This is a totally amazing book about how two girls are snooping around in their mom's stuff and find magical things like a pair of 7 league boots and a box that ends up with lost items in it. Really, the box that finds lost things was the only part I remembered well from reading this one in my childhood. There's an entire chapter on using the boots to take a trip to Mexico that now comes across as really, really culturally insensitive where they feed a girl named Pilar cookies and soda which she...more
Ms. Yingling
I enjoyed reading the reissues of these, even though they made me feel old. Must say that the treatment of Mexico when the girls travel there is better than I would have expected for a 40 year old book!
Jenifer Jacobs
Lily and I loved this book. Stood the test of time for me! I give it 4 1/2 stars (Lily gives it 100 - I'm pretty certain she didn't understand the rating system/scale). Anyhow, she listened well while sitting still and I am astonished at her comprehension. Perhaps kindergarten will work out ok after all!
Technically not a favorite from my teens. But a def fav from my childhood. I bought it for a dime at a used bookstore my family frequented and read it about a hundred times. Loved it.
Read this over and over as a kid. If i had a copy I'd probably read it again right now!
Good for the magic tree house audience, though it's a little outdated.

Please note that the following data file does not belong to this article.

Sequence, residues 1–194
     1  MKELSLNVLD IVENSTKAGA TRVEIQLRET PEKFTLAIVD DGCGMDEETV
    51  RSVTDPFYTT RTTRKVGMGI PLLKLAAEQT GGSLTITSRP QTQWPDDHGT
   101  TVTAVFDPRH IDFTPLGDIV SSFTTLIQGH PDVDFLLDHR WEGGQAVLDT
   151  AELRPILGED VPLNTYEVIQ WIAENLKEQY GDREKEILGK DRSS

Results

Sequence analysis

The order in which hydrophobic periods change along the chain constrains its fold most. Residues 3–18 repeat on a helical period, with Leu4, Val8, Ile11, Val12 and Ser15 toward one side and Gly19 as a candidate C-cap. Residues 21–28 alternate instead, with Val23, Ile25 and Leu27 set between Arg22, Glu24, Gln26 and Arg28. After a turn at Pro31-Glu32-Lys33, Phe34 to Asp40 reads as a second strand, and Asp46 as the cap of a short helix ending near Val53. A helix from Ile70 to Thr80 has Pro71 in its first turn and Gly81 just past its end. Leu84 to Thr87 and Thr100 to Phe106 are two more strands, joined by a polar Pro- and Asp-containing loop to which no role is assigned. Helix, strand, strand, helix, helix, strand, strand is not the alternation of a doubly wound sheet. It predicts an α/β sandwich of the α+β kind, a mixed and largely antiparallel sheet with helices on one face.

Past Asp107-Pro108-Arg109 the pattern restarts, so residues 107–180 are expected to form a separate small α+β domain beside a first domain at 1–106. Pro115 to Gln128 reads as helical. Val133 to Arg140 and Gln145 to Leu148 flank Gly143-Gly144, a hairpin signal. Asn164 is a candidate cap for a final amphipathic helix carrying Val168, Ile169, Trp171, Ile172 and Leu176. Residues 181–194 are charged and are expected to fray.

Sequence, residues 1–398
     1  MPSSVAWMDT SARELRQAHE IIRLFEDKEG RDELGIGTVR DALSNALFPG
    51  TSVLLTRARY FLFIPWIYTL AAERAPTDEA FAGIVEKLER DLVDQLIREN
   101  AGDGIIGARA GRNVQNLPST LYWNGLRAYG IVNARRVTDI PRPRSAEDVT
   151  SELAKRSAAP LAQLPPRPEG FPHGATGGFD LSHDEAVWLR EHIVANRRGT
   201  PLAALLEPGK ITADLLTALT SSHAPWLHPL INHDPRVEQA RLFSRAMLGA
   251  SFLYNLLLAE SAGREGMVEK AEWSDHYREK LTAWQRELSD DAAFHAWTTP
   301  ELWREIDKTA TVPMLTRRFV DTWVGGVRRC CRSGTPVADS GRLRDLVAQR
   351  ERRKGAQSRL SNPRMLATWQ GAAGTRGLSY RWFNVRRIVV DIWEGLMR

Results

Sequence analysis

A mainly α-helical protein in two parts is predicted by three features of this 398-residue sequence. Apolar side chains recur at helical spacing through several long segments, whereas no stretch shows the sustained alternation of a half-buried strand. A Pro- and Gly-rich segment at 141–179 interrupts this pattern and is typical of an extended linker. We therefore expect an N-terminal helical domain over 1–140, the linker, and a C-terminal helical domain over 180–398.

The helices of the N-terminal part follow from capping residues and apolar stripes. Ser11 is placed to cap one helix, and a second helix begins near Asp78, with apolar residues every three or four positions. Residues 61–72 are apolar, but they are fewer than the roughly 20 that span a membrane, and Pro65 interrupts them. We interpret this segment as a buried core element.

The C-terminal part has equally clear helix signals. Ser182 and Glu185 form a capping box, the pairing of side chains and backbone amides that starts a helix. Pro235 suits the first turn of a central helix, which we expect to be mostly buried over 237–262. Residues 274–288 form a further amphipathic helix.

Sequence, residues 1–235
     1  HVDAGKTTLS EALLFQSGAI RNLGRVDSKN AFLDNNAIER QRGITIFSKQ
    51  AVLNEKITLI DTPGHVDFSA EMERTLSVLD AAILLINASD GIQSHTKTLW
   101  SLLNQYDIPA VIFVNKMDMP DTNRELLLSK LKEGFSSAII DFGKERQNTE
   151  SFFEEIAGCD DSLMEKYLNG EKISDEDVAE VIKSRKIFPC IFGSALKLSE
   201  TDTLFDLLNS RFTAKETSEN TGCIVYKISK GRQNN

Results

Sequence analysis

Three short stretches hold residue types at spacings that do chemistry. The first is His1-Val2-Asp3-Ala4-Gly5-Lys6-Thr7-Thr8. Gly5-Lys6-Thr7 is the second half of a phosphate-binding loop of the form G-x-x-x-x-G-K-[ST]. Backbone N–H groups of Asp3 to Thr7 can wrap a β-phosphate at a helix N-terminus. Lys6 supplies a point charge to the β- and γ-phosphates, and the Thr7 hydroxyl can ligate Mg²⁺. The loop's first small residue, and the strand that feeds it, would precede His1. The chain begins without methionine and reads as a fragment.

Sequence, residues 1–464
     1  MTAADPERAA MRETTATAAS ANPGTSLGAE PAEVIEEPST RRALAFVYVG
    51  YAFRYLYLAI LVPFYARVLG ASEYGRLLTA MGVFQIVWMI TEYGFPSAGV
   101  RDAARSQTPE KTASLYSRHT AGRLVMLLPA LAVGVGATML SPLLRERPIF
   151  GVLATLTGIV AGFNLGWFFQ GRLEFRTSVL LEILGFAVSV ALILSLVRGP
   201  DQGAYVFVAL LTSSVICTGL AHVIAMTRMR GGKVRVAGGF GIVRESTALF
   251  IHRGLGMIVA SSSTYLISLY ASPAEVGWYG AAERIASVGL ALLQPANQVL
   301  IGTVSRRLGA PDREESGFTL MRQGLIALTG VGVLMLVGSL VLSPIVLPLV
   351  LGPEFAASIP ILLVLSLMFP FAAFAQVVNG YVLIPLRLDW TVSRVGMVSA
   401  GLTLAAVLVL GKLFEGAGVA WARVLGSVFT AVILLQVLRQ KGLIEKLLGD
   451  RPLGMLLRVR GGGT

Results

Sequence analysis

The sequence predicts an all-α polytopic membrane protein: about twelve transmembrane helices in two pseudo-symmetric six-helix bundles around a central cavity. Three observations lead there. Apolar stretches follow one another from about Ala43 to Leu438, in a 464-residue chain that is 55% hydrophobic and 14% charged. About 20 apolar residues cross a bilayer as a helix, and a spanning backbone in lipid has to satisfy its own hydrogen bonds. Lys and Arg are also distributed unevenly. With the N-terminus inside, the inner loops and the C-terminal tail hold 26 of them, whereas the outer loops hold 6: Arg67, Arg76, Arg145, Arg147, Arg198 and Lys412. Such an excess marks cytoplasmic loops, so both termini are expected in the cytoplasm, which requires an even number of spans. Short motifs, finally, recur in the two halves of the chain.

Two girls discover magic articles that they use.
One of my childhood favorites :)
Katy's aunt left some very strange things locked in a drawer in Katy's room. She and Louise find that the box, mirror, boots, gloves, and robe are all magic. And they have a lot of adventures trying these magic things out. What fun it would be to find a drawer filled with magic items that can do such things as find lost objects for you, make you invisible, transport you anyplace you want to go, and even make you play the piano like a pro.

This is a children's book probably for 2nd or 3rd graders....more
Innocent fun - my daughter loved this book and wants to read all of Ruth Chew's books.
Jun 20, 2007 HeavyReader rated it 4 of 5 stars
Recommends it for: people fascinated by witches and magic
I seem to remember that one of the things the witch left was a pair of 7-league boots that allowed the wearer to take one step and go a long, long, long way. I wanted boots like that.

I think there was also a box which could be opened to find lost things. Like if you lost your checkbook, you opened the box and there was your checkbook. (Or maybe I"m making up that item. In any case, I could use a box like that.)
Jan 08, 2014 Sarah added it
This is one of my mother's books that I found and pulled off her bookshelf one day when I was in elementary school. It's absolutely wonderful.:)
A really interesting and appealing book for young girls. A combination of the dark scratchy interior illustrations, the seventies graphic design/printing, and the real, not-real, wonderful magical subject matter made this book a transportation device - definitely takes you out of your everyday environment.
This was my favorite book when I was a child. I must have read it fifty times. The story has stayed with me for decades, though I only recently searched for the title and found it through interlibrary loan. I can't wait for my daughter to read it, and to re-read it myself.
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Ruth Chew is the author of a number of popular books for young readers, including Secondhand Magic and The Wednesday Witch. She was born in Minneapolis and grew up in Washington, D.C. She studied art at the Corcoran School of Art and worked as a fashion artist. She was the mother of five children.
More about Ruth Chew...
The Wednesday Witch The Witch's Buttons No Such Thing As a Witch The Trouble with Magic Magic in the Park